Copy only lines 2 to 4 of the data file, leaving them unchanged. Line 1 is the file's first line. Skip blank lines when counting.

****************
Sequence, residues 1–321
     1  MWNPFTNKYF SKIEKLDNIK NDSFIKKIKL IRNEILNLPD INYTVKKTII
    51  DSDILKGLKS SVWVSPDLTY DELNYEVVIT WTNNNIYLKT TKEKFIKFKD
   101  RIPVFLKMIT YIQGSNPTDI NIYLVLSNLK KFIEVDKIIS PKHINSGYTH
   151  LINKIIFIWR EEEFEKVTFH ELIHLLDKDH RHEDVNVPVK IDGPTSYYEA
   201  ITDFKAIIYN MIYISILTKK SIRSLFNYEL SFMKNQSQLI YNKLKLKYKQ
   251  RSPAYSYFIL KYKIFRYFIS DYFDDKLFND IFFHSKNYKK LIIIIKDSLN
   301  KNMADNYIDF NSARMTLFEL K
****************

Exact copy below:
     1  MWNPFTNKYF SKIEKLDNIK NDSFIKKIKL IRNEILNLPD INYTVKKTII
    51  DSDILKGLKS SVWVSPDLTY DELNYEVVIT WTNNNIYLKT TKEKFIKFKD
   101  RIPVFLKMIT YIQGSNPTDI NIYLVLSNLK KFIEVDKIIS PKHINSGYTH